As gold-mining fever gripped California in 1849, fortune seekers journeyed to the deserts and mountains with picks, shovels, and high hopes. Miners built entire towns in the state’s most remote outposts. Some struck it rich. Most didn’t. When the ore ran out, so did the people, leaving behind sagging storefronts and mining detritus. Take a tour through California’s most fascinating abandoned towns on this far-flung road trip through the Old West.
Stop one: Shasta State Historic Park
West of Redding on Highway 299, Old Shasta was the queen city of California’s northern mining district. Tour the town’s crumbling brick buildings, visit Shorty's Eatery for a hearty sandwich, and see mining memorabilia at the 1861 County Courthouse. (Note: Some of the park's buildings were burnt in the Carr Fire earlier this summer.) Distance to next stop: 165 miles
Stop two: Malakoff Diggins State Historic Park
North Bloomfield’s picturesque main street was briefly the world’s richest gold mine—until 1884, when hydraulic mining was outlawed. Stroll around the saloon, barbershop, general store, and former dance hall northeast of Nevada City. Next stop: 20 miles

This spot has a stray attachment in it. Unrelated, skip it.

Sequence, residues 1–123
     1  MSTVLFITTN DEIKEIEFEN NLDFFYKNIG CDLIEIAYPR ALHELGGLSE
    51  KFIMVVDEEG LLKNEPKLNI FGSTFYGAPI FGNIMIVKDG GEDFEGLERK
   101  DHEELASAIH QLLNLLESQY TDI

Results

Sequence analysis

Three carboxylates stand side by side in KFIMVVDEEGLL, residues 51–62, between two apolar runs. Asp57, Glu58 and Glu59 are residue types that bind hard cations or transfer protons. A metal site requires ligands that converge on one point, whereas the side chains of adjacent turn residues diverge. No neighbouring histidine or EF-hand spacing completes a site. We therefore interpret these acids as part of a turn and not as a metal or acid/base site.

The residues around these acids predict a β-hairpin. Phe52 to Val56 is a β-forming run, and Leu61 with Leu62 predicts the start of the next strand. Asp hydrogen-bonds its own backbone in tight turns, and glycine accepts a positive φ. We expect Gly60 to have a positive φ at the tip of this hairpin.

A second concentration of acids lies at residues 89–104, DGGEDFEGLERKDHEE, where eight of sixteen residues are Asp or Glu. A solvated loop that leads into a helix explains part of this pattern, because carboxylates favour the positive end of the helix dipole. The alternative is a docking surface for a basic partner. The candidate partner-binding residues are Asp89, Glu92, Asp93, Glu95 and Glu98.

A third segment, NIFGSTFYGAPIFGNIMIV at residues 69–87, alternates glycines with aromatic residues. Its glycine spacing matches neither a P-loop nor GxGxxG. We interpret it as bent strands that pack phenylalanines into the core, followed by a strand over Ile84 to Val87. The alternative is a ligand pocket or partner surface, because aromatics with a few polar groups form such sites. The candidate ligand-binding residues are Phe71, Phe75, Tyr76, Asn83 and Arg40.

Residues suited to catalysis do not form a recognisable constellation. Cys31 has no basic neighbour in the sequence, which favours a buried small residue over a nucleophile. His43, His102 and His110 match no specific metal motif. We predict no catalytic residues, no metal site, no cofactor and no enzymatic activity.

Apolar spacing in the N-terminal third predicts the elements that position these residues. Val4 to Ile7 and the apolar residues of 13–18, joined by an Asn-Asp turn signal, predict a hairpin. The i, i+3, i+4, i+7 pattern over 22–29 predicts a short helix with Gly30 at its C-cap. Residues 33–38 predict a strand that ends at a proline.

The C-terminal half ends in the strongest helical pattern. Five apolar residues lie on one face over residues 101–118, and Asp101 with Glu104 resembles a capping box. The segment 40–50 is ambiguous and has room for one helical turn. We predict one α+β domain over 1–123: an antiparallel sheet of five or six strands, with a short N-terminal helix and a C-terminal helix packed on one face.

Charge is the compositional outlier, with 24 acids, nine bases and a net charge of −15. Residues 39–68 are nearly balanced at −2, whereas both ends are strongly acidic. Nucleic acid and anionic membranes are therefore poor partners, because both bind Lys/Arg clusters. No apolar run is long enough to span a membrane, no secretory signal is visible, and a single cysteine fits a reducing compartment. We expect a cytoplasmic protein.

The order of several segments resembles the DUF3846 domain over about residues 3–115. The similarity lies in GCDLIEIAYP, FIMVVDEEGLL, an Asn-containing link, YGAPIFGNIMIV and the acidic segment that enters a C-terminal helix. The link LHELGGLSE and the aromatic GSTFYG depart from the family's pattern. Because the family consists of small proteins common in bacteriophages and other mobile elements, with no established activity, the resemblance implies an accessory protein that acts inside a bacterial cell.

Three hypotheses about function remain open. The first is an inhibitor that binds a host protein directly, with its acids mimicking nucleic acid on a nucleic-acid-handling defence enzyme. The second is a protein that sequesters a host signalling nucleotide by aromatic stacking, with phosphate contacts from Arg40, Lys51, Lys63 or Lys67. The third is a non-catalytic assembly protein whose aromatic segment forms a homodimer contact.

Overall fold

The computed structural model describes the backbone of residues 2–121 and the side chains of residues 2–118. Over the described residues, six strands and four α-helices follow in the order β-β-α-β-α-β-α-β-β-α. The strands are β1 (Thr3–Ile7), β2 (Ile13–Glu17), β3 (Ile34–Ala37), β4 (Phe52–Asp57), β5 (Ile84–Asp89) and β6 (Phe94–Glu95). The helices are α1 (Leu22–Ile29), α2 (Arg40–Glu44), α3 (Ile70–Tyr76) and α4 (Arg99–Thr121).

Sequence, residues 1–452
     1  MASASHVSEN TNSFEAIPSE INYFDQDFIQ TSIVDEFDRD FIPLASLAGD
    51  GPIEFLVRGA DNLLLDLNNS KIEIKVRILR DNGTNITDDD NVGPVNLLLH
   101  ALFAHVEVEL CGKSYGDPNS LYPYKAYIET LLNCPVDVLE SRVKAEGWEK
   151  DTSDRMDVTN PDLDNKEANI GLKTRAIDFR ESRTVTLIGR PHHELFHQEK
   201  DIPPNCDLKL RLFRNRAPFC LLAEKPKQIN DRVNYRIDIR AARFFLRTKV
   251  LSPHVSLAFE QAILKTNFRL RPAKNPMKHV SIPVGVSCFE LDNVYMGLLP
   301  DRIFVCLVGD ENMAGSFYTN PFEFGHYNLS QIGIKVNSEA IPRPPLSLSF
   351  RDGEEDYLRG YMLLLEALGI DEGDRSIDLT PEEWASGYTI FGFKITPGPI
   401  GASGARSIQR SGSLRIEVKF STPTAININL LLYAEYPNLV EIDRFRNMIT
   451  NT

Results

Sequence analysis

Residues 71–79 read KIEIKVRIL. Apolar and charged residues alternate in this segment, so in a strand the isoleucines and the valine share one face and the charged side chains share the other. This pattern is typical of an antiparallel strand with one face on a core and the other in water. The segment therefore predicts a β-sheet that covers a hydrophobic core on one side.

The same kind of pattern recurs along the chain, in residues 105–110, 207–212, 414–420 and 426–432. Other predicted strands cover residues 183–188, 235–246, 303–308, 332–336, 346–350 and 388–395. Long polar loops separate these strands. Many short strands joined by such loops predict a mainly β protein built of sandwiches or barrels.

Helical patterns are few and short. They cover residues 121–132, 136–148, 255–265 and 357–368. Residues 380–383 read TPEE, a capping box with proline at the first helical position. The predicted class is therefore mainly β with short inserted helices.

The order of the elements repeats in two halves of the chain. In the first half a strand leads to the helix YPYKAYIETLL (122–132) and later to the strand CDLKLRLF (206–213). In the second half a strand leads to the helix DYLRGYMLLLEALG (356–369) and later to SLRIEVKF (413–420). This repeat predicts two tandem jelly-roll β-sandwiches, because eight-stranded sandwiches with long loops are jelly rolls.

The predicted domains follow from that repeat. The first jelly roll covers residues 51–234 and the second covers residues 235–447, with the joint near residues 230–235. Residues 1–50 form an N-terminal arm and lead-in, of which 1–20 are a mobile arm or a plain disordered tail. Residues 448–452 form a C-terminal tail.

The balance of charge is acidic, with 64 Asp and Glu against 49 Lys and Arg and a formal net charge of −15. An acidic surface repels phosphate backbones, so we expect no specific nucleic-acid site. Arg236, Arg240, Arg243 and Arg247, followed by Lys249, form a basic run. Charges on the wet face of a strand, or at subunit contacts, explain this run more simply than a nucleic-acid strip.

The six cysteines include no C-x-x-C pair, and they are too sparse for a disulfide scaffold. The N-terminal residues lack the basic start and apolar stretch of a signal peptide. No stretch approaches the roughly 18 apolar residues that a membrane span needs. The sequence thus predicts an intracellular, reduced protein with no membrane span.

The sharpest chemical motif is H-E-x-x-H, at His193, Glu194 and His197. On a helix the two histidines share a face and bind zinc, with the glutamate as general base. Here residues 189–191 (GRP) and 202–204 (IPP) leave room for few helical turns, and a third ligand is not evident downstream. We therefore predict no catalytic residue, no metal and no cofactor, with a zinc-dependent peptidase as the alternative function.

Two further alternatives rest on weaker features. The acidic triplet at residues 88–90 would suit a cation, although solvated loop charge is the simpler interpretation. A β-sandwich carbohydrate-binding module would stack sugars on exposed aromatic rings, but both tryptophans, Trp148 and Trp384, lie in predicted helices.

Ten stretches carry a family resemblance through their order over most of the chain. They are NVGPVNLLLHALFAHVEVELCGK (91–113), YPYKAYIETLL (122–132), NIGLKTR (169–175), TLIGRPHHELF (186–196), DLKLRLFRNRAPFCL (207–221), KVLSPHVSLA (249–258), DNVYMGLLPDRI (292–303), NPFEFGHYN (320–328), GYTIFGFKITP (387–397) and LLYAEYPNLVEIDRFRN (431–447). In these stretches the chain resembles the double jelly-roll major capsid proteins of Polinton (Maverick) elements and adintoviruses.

Stop three: Empire Mine State Historic Park
Just off the Golden Chain Highway, Grass Valley’s Empire Mine was California’s richest hard-rock mine, with 367 miles of underground tunnels. Enter the Secret Room to view a scale model of the tunnels and tour the mine owner’s stately home.
Next stop: 196 miles
Stop four: Bodie State Historic Park
East of U.S. 395 near Bridgeport, Bodie was the West’s rowdiest city in 1880, with a population of 10,000 and nearly 50 saloons. Now it’s California’s largest unrestored ghost town, with dozens of deserted buildings waiting to be explored.
Next stop: 42 miles
Stop five: Bennettville
This silver-mining camp was built at an elevation of 10,000 feet next to what is now Yosemite National Park. A short hike leads to the mine’s assay office, a bunkhouse, and a tunnel lined with ore-car tracks. Next stop: 212 miles
Stop six: Ballarat
See adobe ruins and weathered wooden shacks at this lonely Death Valley outpost north of Trona. In 1898, the town’s population soared to 400 after successful gold strikes in the Panamint Mountains. (According to Atlas Obscura, the town now has one resident—or two if he still owns his dog.) Next stop: 63 miles
Stop seven: Randsburg
South of Ridgecrest, this quirky living ghost town saw its heyday in the 1890s. Order a root beer float from the General Store’s 1904 soda fountain and marvel at the Desert Museum’s mining machinery. Next stop: 75 miles
Stop eight: Calico
Take a ghost tour or go on an off-road adventure in this former silver mining hub. Explore Calico’s attractions—including the Mystery Shack, a mining museum, and a working train—or bring a mountain bike to ride the surrounding trails.